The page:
Drug and alcohol problems include abuse, binging, dependence (e.g. being an “alcoholic”), and problems with cravings and relapses. Some drug users may be on drug replacement therapies such as methadone or buprenorphine, and smokers may be on nicotine replacement therapy (e.g. Nicorette).
Gamblers experience similar range of behaviors from occasional binges to daily gamblers, with similar cravings and relapse problems to drug users.
At PsychSessions we take a harm minimization approach design to minimize harms to the client and others, while striving to help build the clients motivation to change their abuse, dependence and/or addiction to whatever goal is reasonable for the client. For many, abstinence from drugs, alcohol and/or gambling may be the best goal, or the only realistic goal. For others, control use of the drug/gambling may be an acceptable and realistic goal. We used evidence-based psychological therapist such as Motivation Interviewing, Cognitive Behavior Therapy, Acceptance and Commitment Therapy to bring about the best outcomes possible for the client. Where necessary this is done in consultation with a GP and/or psychiatrists if medical intervention is required, and/or other professional services.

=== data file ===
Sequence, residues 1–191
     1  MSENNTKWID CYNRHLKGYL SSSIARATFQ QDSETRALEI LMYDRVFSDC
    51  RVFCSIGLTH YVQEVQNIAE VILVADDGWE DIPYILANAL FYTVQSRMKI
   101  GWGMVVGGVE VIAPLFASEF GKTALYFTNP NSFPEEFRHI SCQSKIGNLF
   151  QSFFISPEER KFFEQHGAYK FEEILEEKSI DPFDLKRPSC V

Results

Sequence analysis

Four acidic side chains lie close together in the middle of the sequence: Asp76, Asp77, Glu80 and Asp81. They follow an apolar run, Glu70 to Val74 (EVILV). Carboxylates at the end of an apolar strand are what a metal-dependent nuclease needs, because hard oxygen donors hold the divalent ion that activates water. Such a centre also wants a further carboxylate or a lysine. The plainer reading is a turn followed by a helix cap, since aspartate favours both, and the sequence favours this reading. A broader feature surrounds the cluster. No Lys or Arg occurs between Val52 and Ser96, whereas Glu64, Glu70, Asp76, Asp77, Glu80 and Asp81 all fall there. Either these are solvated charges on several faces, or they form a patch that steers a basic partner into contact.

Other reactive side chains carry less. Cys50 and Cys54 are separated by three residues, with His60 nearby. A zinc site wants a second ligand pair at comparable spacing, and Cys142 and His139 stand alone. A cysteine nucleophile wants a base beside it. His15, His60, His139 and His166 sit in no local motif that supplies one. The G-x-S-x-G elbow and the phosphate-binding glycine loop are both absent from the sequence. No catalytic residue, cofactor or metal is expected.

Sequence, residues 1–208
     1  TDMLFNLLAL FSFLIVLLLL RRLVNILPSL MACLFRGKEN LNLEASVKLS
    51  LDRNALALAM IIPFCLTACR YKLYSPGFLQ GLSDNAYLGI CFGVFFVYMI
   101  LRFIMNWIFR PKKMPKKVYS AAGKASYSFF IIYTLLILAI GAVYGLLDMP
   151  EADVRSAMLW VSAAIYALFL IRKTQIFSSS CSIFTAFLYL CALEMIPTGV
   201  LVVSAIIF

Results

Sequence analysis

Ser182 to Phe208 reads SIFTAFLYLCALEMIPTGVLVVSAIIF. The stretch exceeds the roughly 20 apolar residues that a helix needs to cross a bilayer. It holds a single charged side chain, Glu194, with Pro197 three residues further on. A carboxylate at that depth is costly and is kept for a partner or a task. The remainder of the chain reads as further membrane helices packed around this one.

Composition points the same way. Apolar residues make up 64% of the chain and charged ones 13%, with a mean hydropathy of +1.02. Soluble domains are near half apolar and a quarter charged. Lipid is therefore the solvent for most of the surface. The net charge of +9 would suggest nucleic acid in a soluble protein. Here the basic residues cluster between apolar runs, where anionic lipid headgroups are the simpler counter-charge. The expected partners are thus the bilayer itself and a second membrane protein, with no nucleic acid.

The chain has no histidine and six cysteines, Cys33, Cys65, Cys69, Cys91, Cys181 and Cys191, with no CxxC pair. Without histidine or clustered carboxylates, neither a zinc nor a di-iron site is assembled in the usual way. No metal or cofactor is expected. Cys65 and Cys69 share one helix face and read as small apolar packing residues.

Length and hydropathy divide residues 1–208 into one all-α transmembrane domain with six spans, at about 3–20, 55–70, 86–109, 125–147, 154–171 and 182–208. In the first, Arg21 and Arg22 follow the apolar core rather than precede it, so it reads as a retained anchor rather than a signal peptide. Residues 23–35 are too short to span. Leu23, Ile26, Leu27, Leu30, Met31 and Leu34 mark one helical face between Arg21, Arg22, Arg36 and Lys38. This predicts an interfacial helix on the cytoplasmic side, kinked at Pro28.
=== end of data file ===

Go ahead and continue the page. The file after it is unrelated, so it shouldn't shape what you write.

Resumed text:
PhD(Clin.Psych), MAPS, MCCLIN
Director, Principal Clinical Psychologist
PhD thesis: The pattern of memory and perceptual dysfunctions in recreational ecstasy users
Dr John Brown completed his training in clinical psychology at The Australian National University (ANU) as part of a PhD (Clinical Psychology) degree. This training focused on developing his proficiency in Cognitive Behaviour Therapy (CBT) used in the treatment of depression, anxiety and eating disorders, as well as Motivational Interviewing used for helping people to overcome addiction, impulse control, and non-compliance problems. John also has an interest in the drug-free treatment of sleeping problems. As part of his ongoing efforts to expand his knowledge and clinical skills, he later undertook additional training in Interpersonal Therapy (IPT), which has been shown to be an effective treatment for depression related to interpersonal problems. In addition to clinical practice, John conducts research at the ANU regarding the long-term effects of recreational drugs on brain functioning.